Metals News
Macro Roundup (Mar 15)
data analysis
Mar 15,2019

SHANGHAI, Mar 15 (SMM) – This is a roundup of global macroeconomic news last night and what is expected today.

Last night

The US dollar snapped a four-session decline after the British pound stalled at lower levels ahead of a vote to extend Britain's March 29 deadline for exiting the European Union.

The UK Parliament voted to postpone the Brexit deadline. Prime Minister Theresa May put forward a measure on Thursday that sought to delay the UK’s exit beyond the current March 29 deadline. Parliament voted 412 to 202 in favour.

Base metals, expect for LME tin, closed lower as LME nickel led the decline and fell 2.12%. Copper lost 1.25%, lead slid 0.85%, zinc dipped 0.51%, and aluminium edged down. SHFE nickel and copper declined over 1%, lead slid 0.4%, aluminium lost 0.37%, zinc closed 0.27% lower, and tin dropped 0.12%.

China’s National Bureau of Statistics (NBS) said on Thursday that industrial output slowed more than expected in January and February, suggesting a slowdown in the Chinese economy. 

The value-added industrial output in China rose 5.3% in January-February from the previous year, compared to 5.7% a year ago and economists’ estimates of 5.6%. Thursday’s reading was the slowest growth in 17 years.

China's retail sales of consumer goods rose 8.2% year on year in the first two months of the year, NBS data showed Thursday. The growth held steady from an increase of 8.2% in December.

After deducting price factors, the indicator grew 7.1% in real terms, accelerating from December's rise of 6.6%, NBS spokesperson Mao Shengyong said at a press conference.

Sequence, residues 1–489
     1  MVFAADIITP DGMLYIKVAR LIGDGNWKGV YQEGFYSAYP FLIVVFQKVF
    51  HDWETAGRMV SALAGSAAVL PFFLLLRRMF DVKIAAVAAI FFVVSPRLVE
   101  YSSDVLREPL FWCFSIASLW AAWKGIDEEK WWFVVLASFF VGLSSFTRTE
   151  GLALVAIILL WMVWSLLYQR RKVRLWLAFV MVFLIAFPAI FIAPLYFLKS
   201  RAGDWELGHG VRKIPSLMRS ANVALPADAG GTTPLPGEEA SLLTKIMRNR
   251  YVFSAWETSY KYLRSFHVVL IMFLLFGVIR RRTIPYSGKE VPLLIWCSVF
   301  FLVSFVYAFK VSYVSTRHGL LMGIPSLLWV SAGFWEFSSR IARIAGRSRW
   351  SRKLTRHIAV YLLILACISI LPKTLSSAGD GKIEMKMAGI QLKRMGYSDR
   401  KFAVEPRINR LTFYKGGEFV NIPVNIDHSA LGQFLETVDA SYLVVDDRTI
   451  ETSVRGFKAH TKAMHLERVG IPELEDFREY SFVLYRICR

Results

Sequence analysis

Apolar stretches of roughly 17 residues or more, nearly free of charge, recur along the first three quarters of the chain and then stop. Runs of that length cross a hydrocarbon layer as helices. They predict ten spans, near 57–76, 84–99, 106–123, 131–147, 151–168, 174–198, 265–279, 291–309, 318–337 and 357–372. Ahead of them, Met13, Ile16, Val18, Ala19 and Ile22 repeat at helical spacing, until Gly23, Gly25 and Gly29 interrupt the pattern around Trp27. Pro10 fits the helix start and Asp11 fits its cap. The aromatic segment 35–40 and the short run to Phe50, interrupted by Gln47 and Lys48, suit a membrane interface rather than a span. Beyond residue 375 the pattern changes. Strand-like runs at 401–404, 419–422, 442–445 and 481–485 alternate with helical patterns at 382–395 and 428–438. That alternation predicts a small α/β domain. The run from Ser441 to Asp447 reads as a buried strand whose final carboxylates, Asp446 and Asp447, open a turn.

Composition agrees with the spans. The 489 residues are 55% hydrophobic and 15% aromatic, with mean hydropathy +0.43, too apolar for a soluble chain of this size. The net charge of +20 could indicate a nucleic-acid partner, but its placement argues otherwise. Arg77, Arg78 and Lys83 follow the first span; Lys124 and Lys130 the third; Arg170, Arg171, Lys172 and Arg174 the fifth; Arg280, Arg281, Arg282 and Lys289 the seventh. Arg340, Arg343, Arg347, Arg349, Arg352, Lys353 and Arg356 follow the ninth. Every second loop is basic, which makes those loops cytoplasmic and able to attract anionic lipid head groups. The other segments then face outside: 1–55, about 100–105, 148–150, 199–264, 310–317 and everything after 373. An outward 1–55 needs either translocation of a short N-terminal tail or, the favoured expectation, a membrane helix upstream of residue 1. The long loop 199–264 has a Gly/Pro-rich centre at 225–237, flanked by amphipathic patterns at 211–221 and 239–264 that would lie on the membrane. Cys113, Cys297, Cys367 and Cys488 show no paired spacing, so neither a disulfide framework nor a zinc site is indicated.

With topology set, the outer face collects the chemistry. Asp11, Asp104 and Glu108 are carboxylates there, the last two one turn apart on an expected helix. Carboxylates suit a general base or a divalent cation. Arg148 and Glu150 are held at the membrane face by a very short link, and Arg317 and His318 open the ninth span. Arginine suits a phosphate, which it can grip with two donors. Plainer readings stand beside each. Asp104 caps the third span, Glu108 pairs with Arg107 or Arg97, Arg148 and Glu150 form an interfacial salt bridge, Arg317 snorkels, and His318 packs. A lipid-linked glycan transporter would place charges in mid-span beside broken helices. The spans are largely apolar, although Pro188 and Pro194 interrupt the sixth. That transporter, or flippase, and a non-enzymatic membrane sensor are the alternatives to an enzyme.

Chinese fixed-asset investment in urban areas rose by 6.1% in January and February compared to the same period a year earlier, an acceleration on the 5.9% increase reported throughout 2018.

The number of Americans filing for unemployment benefits increased more than expected last week, hinting at a slowdown in the labour market.

Initial claims for state unemployment benefits rose 6,000 to a seasonally adjusted 229,000 for the week ended March 9, the Labor Department said on Thursday. Data for the prior week was unrevised. 

The four-week moving average of initial claims, considered to be a better measure of labour market trends as it irons out week-to-week volatility, slipped 2,500 to 223,750 last week.

Day ahead

The eurozone will release its February consumer price index (CPI), and the US will release its industrial output for February and the University of Michigan consumer sentiment index for March. 

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